Buildings swallowed by the Earth: Sinkholes in China

Published on Author harbaugh

There have been an increasing number of sinkholes forming throughout China within recent years. On March 26th, a massive sinkhole opened up in the southern city of Shenzhen, which killed a construction worker and significantly destructed a residential area. Residents had been complaining about tremors around the construction site as well. The Guangdong province has encountered with sinkholes in the past.  In January, a massive manhole opened up at a construction site in Guangzhou, bringing down 6 buildings. Last year in the Guangxi province, a sinkhole formed after a local school dug a well to ease its water shortage. In Beijing more than 100 sinkholes have formed within the past month. The cause of all of the sinkholes in unclear, but it is speculated that the massive bomb-shelters that were constructed during Chinese-Soviet tensions could contribute to the numerous sinkholes in Beijing. Clearly the methods of construction we saw in Country Driving must be re-evaluated in order to promote the safety of residents. Although in the short-term quickly constructing buildings may be beneficial, in the long-term problems such a sinkholes will have very negative impacts. Below is the video of the sinkhole tragedy, which has gone viral.

Sinkhole Video

5 Responses to Buildings swallowed by the Earth: Sinkholes in China

  1. It’s interesting that sink holes are making headlines in China now after a few weeks of getting a lot of attention in the U.S. For anyone who missed it, a man in Florida was killed by a sinkhole about a month ago, and a few more in other states have gotten attention. Purely coincidence, I’m sure, but still scary.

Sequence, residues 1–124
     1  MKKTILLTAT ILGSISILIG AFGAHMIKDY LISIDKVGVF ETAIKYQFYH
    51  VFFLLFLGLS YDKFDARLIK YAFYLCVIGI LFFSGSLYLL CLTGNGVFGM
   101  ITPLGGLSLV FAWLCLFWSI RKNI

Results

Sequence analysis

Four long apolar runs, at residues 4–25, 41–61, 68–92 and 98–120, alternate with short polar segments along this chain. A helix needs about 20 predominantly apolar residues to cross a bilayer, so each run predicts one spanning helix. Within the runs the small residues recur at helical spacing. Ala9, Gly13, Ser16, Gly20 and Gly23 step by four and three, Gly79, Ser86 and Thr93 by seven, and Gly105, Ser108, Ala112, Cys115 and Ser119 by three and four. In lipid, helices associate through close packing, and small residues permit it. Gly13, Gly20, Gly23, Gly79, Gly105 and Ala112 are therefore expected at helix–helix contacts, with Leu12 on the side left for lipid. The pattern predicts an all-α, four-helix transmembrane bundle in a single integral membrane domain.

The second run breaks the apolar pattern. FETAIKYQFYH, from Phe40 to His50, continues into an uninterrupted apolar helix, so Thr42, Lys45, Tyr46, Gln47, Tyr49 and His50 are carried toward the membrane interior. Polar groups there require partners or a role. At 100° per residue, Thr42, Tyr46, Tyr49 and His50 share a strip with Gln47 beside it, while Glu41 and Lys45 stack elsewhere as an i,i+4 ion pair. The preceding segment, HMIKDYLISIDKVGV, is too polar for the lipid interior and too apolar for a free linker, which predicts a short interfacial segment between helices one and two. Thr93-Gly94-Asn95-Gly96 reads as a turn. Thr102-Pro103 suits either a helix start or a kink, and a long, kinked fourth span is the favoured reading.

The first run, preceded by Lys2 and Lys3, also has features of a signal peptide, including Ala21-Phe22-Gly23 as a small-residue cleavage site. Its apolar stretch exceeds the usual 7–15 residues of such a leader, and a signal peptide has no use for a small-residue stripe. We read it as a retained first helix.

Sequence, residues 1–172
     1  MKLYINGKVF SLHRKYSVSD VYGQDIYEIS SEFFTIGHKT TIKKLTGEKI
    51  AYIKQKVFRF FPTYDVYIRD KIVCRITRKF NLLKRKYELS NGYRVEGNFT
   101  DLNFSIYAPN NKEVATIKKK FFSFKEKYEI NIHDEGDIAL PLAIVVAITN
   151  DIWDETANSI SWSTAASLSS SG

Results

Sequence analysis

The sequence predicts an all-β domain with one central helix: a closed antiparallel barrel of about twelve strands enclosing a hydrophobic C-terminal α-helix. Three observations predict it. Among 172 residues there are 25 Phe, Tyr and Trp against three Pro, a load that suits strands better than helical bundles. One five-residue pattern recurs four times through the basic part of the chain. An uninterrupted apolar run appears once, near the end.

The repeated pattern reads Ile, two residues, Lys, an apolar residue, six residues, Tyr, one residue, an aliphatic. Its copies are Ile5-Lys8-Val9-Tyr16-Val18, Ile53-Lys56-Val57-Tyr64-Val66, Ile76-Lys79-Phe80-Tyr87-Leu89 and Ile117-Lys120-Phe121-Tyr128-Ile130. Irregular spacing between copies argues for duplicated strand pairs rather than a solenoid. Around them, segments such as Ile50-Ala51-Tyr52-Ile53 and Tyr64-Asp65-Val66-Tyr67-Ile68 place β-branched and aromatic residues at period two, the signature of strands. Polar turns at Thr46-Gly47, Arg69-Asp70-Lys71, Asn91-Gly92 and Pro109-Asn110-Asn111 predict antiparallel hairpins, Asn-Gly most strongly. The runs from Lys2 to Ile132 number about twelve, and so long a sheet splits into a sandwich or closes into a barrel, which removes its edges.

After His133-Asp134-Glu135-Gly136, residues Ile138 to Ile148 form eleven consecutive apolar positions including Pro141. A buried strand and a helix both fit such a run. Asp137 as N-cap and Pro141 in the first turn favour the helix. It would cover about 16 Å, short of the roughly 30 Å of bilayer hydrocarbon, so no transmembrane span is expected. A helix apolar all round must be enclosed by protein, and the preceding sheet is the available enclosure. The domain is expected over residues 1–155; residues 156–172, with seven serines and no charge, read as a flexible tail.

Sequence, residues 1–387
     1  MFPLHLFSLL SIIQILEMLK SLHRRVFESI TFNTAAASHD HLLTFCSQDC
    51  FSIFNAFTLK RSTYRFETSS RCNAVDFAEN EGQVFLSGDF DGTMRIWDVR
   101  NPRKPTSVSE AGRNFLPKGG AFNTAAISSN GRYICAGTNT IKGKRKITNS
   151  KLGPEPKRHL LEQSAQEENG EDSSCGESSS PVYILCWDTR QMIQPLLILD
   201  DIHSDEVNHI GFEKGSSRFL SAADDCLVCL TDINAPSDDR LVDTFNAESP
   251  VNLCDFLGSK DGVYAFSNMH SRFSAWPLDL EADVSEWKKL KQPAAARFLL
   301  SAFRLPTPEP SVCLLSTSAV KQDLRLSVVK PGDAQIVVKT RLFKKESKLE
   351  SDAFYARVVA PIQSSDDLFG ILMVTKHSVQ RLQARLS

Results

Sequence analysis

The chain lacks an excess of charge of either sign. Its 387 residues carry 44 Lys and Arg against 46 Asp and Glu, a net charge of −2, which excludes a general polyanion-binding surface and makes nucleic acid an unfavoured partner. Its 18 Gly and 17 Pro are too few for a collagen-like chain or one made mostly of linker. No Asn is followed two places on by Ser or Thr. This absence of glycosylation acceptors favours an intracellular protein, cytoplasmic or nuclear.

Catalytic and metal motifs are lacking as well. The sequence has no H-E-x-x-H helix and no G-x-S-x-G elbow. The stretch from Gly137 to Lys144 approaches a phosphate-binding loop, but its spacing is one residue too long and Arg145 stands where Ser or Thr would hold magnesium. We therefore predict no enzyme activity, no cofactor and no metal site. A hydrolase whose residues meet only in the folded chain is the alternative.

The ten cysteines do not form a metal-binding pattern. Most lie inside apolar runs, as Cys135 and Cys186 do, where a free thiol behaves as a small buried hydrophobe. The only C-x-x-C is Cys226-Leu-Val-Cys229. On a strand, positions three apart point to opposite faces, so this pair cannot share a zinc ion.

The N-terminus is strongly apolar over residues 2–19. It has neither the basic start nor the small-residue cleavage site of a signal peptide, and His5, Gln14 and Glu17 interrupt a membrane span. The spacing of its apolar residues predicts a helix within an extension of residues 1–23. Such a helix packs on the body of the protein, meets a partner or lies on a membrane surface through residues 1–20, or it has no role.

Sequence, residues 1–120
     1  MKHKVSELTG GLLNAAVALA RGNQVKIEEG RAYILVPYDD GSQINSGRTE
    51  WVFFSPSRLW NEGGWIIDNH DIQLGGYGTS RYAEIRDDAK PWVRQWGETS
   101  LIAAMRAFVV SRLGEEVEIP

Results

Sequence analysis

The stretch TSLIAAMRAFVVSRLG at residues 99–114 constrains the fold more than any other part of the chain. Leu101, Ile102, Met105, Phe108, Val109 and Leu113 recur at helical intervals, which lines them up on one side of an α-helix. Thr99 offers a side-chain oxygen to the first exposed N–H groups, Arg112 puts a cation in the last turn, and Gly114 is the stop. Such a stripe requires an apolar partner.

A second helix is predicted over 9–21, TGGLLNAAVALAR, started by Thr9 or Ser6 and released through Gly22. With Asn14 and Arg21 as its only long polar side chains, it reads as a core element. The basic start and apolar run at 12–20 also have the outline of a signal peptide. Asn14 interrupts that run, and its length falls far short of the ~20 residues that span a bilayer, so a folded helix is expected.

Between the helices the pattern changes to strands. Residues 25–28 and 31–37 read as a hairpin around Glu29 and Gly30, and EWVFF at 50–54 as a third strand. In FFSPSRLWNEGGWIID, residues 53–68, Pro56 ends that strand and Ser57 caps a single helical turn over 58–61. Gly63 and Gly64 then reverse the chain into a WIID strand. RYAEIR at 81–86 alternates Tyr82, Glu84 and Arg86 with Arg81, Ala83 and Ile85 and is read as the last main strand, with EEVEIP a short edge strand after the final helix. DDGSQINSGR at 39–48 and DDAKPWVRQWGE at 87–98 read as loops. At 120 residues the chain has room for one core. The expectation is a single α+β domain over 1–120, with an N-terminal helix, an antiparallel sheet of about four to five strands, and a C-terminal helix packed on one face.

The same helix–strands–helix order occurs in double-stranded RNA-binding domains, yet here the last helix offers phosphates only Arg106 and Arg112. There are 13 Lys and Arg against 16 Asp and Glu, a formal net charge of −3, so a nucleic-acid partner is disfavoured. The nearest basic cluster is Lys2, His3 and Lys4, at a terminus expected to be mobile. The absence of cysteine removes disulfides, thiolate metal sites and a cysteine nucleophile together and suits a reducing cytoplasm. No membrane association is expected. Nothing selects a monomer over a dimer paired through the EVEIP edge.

2. Sinkholes may be caused by poor construction planning but often they are a unavoidable natural disaster. Many regions of the United States also suffer from sinkholes. They are common in areas with limestone because limestone dissolves relatively easily. It is also important to note that while deaths from sinkholes are tragic they are very rare. China can hardly afford to put much time into avoiding sinkholes considering how many other environmental problems they fail to remedy(pollution). The Chinese government would be better off informing its citizens of the warning signs of sinkholes such as “slumping or sagging fence posts or trees are a clear sign. Doors and windows that don’t close properly and small ponds of rainfall forming where water has not collected before are also signs,” than wasting precious resources on trying to remedy an unfixable problem. The press should be more focused on the the health hazards Chinese suffer from things like their unclean drinking water.

  3. Part of I-81 at the north end of the county closed a few years back thanks to a sinkhole. A neighbor lost a cow into one on their property. Worse, some locals are reputed to have used sinkholes as garbage dumps, and not necessarily just for (comparatively) innocuous organic waste but also for chemicals that we really don’t want getting into ground water. (Coliform bacteria are bad enough.) If you’ve never seen Big Spring (between US60 West and the Kerrs Creek entrance/exit to I-64), it’s quite something, a huge artesian spring which of course means a big underground river. Lots of water pressure to hold things up for now, but in a millennium or two? Of course Natural Bridge is what’s left after a huge cavern — acres — collapsed.

  4. it’s incredible how much sinkholes are appearing these last months everywhere on the planet, now it’s in China!